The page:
Parliament & Politics: Barrister in Iraq trial to give evidence

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Indy Politics
A BARRISTER who led the prosecution against four men convicted of selling arms to Iraq is to be questioned by the Scott inquiry at a secret hearing.

Andrew Collins QC, counsel for Customs and Excise, who prosecuted four executives of Ordtech, a military engineering company, will give evidence in private next Wednesday.

It is the first time Lord Justice Scott has extended the privilege of giving formal evidence in private to anyone outside the intelligence services. Eleven members of MI5 and MI6 are known to have given evidence in closed sessions so far.

The inquiry secretary, Christopher Muttukumaru, said yesterday that the judge decided to hear Mr Collins's evidence in private to 'avoid doing anything which could prejudice the outcome of the appeal or any subsequent retrial, or could be seen to'.

Four men, Stuart Blackledge, Paul Grecian, Bryan Mason and Colin Phillips, were convicted at Reading Crown Court in February 1992 after the judge refused to overturn 'gagging orders' by two ministers - Kenneth Baker and Peter Lilley - suppressing government documents crucial to their defence.

Ordtech agreed to supply 300,000 artillery shell fuses to Iraq using false end-user certificates indicating their destination was Jordan. One of defendants, Paul Grecian, maintains he kept members of MI5 fully briefed about Ordtech's intentions.

Unable to mount a strong defence, their lawyers advised them to admit guilt. Three received suspended sentences and a fourth, Colin Phillips, was fined. All four have applied to the Court of Appeal to quash their convictions.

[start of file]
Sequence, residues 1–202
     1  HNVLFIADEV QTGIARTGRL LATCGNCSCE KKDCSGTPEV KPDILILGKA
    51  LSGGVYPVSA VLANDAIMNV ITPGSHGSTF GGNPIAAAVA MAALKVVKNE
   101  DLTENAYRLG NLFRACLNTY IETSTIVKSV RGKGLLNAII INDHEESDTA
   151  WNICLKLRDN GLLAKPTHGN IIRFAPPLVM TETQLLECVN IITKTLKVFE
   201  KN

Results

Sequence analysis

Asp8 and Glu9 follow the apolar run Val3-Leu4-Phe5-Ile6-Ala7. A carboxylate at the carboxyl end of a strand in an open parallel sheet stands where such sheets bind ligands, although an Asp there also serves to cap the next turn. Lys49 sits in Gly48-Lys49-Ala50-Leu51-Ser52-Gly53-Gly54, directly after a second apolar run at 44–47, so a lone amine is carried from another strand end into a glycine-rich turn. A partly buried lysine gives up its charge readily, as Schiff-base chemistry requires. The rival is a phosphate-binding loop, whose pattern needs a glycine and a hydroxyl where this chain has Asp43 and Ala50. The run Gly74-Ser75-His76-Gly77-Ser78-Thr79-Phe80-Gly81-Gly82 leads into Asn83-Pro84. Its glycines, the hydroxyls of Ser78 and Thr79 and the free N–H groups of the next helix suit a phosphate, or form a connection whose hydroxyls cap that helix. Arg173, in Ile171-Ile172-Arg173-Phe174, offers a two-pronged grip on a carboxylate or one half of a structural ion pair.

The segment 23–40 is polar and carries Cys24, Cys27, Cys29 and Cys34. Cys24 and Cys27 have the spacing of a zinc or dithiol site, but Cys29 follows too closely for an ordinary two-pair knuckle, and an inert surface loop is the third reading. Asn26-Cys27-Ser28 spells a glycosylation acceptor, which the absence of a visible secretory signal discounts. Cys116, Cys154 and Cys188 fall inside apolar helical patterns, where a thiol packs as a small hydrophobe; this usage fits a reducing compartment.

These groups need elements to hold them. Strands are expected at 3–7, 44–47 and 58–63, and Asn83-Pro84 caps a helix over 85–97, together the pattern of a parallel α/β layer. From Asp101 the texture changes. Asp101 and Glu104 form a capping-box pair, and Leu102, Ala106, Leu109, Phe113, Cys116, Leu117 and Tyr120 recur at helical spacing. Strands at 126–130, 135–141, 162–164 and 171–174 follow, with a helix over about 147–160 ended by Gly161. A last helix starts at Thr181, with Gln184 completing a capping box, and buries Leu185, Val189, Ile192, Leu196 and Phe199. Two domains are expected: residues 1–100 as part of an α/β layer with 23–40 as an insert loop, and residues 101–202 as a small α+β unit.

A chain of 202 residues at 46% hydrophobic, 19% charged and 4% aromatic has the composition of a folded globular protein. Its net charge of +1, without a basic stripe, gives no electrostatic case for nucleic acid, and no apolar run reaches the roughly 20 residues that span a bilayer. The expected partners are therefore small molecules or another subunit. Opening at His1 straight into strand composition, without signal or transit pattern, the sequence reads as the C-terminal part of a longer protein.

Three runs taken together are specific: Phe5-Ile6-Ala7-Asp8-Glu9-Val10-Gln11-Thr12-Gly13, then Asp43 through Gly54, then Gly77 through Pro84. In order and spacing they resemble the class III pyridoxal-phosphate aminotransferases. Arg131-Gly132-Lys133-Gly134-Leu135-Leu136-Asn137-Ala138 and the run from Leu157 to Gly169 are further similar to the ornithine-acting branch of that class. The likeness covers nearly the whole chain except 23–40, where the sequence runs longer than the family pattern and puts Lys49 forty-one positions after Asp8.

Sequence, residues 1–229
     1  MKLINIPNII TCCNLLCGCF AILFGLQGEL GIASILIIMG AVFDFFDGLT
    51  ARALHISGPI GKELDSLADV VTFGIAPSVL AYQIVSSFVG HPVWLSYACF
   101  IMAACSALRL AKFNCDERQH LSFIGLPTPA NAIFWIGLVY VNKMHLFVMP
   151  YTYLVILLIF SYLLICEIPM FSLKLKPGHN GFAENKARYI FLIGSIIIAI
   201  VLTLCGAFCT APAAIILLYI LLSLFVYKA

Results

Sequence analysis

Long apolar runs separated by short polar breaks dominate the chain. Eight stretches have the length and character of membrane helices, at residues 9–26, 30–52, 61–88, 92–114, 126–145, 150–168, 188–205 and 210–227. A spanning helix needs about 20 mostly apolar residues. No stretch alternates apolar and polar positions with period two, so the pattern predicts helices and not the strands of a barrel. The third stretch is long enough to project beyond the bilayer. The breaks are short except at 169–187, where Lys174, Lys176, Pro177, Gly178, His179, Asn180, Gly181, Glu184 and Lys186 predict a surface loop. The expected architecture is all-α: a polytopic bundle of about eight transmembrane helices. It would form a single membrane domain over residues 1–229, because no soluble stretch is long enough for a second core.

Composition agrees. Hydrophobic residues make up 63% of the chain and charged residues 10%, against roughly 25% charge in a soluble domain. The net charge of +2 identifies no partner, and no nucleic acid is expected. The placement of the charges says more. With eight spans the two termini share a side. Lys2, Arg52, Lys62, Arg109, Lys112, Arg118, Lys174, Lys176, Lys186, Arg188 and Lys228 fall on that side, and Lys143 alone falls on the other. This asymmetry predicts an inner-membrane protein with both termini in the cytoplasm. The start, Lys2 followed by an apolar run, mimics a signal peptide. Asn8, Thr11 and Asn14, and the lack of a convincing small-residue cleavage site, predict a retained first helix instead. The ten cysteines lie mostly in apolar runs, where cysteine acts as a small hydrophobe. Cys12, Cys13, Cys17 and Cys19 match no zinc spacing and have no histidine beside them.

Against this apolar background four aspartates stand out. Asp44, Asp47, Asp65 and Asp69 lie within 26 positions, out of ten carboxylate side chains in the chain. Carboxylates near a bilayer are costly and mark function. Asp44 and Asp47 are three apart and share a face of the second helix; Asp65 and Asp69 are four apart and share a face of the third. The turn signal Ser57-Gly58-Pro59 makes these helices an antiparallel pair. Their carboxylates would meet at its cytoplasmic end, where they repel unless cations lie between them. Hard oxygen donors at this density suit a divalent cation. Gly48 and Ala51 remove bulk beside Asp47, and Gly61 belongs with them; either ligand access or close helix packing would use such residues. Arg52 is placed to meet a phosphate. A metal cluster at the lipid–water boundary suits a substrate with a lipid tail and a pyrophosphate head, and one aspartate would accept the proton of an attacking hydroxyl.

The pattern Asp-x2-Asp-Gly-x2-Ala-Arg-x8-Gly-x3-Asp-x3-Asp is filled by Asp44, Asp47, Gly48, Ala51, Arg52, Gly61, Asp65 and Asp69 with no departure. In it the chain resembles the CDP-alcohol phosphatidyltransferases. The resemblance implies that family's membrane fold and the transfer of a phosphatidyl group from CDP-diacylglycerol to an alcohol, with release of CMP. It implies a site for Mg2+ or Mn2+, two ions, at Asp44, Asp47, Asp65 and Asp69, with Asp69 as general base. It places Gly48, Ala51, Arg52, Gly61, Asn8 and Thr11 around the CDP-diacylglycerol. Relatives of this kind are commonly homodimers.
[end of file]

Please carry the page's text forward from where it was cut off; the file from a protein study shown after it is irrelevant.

It will be the second time Mr Collins has faced questions from Lord Justice Scott about his conduct of the prosecution. At a private meeting between the two last June, Mr Collins appeared to concede the Government knew that United Kingdom defence exports going to Jordan were really destined for Iraq in breach of government guidelines.

The inquiry has uncovered extensive evidence that the Government was aware Iraq was using Jordan as a diversionary destination to obtain defence equipment it was prohibited from receiving directly. Documents reveal that the Ministry of Defence suspected the true origin of the export was Iraq but the deal was still approved.

Mr Collins insisted information he gave to the trial judge that documents sought by the defence were not 'relevant' was correct. The trial judge accepted Mr Collins's advice and did not see the papers.

Mr Muttukumaru said yesterday that if information important 'in the interests of justice' arose during the hearing, Lord Justice Scott would bring it to the attention of the Court of Appeal.

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